People (okay, one person) asked how I made Blueberry Ginger Jam. The ginger is crystalized ginger, which is can be eaten just like
candy. Just a little bit added to the blueberry jam gives it a nice,
bright kick it wouldn't have otherwise.
I would normally be a bit embarrassed to admit the recipe, except that it's just so good.
Basically, follow the instructions for cooked blueberry jam on the Sure-Jell instructions. When it's time to add the sugar, add a jar of minced crystalized ginger (whatever size is carried in the grocery store, maybe about 2 oz?). Then proceed with the recipe as directed. That's it. Embarrassingly good.
On Friday night, Spouse and I were enjoying a DVD. Suddenly, we heard a huge crash from outside. Neither one of us knew what it could be. Spouse went out to investigate, but since it was dark, he didn't see much.
The next day I was absentmindedly looking out the window when I saw a large branch in the yard. I looked over toward the trees and saw a HUGE branch at the edge of the woods. I called to Spouse, we went outside, and this is what we found:
(Click to enlarge)
The entire top of this red oak snapped off. We have no idea why. There weren't any heavy winds, and the last big storm that came through the metro went to the north of us. So, today Spouse and our tree guy will be chopping and hauling all of this away.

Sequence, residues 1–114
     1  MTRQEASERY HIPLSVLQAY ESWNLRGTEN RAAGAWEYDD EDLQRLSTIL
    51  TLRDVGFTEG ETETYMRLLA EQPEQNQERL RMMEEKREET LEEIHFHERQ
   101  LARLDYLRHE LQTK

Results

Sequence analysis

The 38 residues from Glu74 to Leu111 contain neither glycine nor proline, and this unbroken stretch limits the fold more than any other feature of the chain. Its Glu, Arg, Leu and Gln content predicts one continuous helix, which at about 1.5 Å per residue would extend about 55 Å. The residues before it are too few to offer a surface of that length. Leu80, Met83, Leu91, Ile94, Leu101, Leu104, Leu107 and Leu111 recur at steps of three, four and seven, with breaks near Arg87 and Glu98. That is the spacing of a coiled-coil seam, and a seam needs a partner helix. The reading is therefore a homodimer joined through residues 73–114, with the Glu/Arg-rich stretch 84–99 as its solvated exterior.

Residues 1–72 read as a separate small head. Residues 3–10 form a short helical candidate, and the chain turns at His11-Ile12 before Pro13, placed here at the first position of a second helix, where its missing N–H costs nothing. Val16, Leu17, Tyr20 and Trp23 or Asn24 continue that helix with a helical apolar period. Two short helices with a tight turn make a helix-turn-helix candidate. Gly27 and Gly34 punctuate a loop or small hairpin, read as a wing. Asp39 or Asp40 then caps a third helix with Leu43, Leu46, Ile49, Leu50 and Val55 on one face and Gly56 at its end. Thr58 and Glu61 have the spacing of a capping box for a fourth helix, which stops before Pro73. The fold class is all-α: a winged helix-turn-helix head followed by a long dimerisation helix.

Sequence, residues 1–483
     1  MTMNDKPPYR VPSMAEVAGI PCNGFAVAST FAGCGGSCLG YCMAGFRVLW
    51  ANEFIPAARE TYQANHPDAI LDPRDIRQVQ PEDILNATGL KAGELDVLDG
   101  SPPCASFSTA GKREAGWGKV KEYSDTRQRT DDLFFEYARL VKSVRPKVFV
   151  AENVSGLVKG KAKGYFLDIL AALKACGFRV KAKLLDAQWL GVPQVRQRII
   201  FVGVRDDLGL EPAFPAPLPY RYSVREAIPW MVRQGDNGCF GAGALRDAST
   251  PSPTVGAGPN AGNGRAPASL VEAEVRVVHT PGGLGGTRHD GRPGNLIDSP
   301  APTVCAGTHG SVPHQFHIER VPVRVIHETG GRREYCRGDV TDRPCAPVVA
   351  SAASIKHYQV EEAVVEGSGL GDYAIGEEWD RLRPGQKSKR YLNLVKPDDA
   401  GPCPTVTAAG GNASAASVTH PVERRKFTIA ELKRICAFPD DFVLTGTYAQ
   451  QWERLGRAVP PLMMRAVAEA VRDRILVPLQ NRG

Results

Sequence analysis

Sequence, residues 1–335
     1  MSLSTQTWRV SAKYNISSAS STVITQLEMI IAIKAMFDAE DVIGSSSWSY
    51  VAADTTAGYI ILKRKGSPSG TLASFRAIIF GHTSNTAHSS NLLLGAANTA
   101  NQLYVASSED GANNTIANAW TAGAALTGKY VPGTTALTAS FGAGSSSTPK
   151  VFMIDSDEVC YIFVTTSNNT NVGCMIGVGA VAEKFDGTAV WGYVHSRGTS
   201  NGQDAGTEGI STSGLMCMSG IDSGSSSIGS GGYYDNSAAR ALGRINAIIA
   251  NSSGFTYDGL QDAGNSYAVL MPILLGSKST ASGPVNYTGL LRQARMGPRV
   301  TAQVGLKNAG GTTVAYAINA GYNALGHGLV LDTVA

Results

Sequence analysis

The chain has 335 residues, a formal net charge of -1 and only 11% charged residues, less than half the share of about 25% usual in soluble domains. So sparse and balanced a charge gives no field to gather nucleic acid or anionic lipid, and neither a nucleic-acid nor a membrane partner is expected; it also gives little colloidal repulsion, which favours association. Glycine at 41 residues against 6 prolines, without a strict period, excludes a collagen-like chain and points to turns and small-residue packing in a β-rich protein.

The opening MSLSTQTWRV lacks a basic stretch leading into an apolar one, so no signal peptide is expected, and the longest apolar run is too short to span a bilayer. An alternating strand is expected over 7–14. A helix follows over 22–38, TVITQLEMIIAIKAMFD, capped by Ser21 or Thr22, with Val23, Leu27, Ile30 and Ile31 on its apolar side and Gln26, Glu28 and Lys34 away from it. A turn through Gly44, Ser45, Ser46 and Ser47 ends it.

Spouse was somewhat upset. He hates to lose trees, any trees. However, he's been somewhat mollified by the idea that the small bur oak trees growing in this area will now have more sunlight to grow big and tall (as long as they weren't all smushed by the falling red oak).
On Saturday, I did some more jamming. This may be it for jams this year, unless I get inspired at apple time.
Four hours of work and I ended up with 27 jars of summertime goodness (two jars had already gone "missing" when I took this picture). Homemade jams are perfect for hostess and holiday gifts. What was made: Raspberry, Blackberry/Raspberry, Spiced Blueberry and Ginger Blueberry.
I just noticed this bald-faced hornet's nest hanging over our neighbor's driveway. It's about 10 feet above the driveway.
Although bald-faced hornets visit some flowers, and thus do some pollinating, they are pretty much the bad-asses of the wasp/hornet world. They will sting repeatedly if bothered, which is why I was very careful in taking pictures. In this particular picture, you can see several hornets around the nest opening.
In our neighborhood, bald-faced hornets usually build their nests in trees. In other places they build them right on houses and other buildings. As you can see from this picture of the back of the nest, the elm branch seems to still be alive and growing.
Until last year, we had only seen a wild turkey once at our house. Now they seem to be everywhere. This guy let me get within 5 feet of him. In fact, he was so busy drinking from the pond that I had to say, "Hey, turkey" several times just to get him to look up.